Earth Day: A celebration of relationships
by Rita Feeney, FSPA
In 2010 we celebrate two historic events that focus on care of the Earth and justice for all: Earth Day turns 40 in April and the Earth Charter turns 10 in March. In 2009 FSPA and affiliates added another voice to the conversation: A Vision Quest.
The concept of celebrating a day focused on Earth began in 1962. For several years Wisconsin Senator Gaylord Nelson had been troubled by the fact that the state of our environment was a nonissue in the politics of the U.S. All across the country, evidence of environmental degradation was appearing and everyone seemed to notice except the political establishment. The people were concerned, but the politicians were not.
In November 1962, Senator Nelson thought he could put the environment in the political “limelight” by persuading President Kennedy to give visibility to this issue by going on a national conservation tour. The president began his five-day, eleven-state conservation tour in September 1963. But for many reasons the tour did not succeed in putting the issue on the national political agenda. However, it was the germ of the idea that ultimately became Earth Day.
At a conference in Seattle, Wash., in September 1969, Senator Nelson announced that in the spring of 1970 there would be a nationwide grassroots demonstration on behalf of the environment and everyone was invited to participate. The wire services carried the story from coast to coast and the response was electric. The American people finally had a forum to express their concern about what was happening to the land, rivers, lakes and air, and they did so with spectacular exuberance.
The April 22, 1970, Earth Day marked the beginning of the modern environmental movement. According to Margaret Mead, “Earth Day is the first holy day which transcends all national borders. It reminds people of the world of the continuing care which is vital to Earth’s safety.”
The Earth Charter is a declaration of principles for building a just, sustainable and peaceful global society. The charter recognizes that environmental protection, human rights, equitable human development and peace are interdependent and indivisible. It is used an as educational tool; an invitation to individuals, institutions and communities to reflect on attitudes and ethical values governing behavior. It is a call to action and a guide to a sustainable way of life that can inspire commitment, cooperation and change. Many religious congregation members, including many FSPA, peace groups, environmentalists and local governments have signed on, signifying a commitment to use the Earth Charter to support social change for a sustainable future.
The concept of the Earth Charter originated in 1987. It wasn’t until 1994, with the launching of an international initiative, that the drafting of a charter became a reality. The final text of the Earth Charter was approved at a meeting of the Earth Charter Commission at the U.N. Educational, Scientific and Cultural Organization headquarters in Paris in March of 2000. The official launch was June 29, 2000, during a ceremony at the Peace Palace in The Hague, Netherlands.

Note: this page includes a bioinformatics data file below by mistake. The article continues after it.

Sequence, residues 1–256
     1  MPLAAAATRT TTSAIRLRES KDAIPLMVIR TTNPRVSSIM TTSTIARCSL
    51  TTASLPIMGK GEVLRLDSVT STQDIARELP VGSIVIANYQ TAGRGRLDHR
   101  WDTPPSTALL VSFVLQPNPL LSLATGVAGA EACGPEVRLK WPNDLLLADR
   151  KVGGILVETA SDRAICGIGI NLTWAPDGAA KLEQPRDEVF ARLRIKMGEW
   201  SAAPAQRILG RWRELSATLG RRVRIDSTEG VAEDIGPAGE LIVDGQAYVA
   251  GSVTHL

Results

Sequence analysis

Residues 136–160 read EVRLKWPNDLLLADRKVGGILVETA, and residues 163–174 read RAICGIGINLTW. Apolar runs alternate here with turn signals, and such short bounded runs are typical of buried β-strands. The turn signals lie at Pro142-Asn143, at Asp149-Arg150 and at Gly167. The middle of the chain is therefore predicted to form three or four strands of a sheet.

In 2009 the FSPA general assembly called on sisters and affiliates to inner transformation, authentic relationships and awakening consciousness. While Earth Day and the Earth Charter call for all people to care for the Earth and the building of a just, sustainable and peaceful global society, A Vision Quest deepens the call to inner transformation. Such internal evolution goes beyond action to a complete change of how we see life.
We live in a culture of individualism. By A Vision Quest’s statements, we are called to transformation, to change our focus from “I” to “we.” Our society and world is based on “mine” and “yours,” “friend” and “enemy.” Jesus reached out to all people, the woman caught in adultery as well as the lepers and the impure. It is that transformation into the oneness of life that brings about the kingdom of God as Jesus envisioned it.
Relationships can be surface interactions with one another and Earth. However we are called to a deeper connection, to an authentic knowing of one another, the Earth community and Earth. The Earth and each individual is a gift from God, given for our growth and enjoyment. By honoring this gift we honor and give praise to God.
As we arrive at an awakened consciousness we become aware of the inter-connectedness of all of life. Each of us is made in the image of God—the divine lives within. As we enter into this deeper consciousness we become more the people, community and Earth we were created to be by the Divine!
In the words of Chief Seattle, “We are part of the earth and the earth is part of us. We did not create the web of life; we are merely a strand in it. What we do to the web we do to ourselves.” We are also part of the other and each one is part of us. What we do to our sisters or brothers we do to us. We are all one!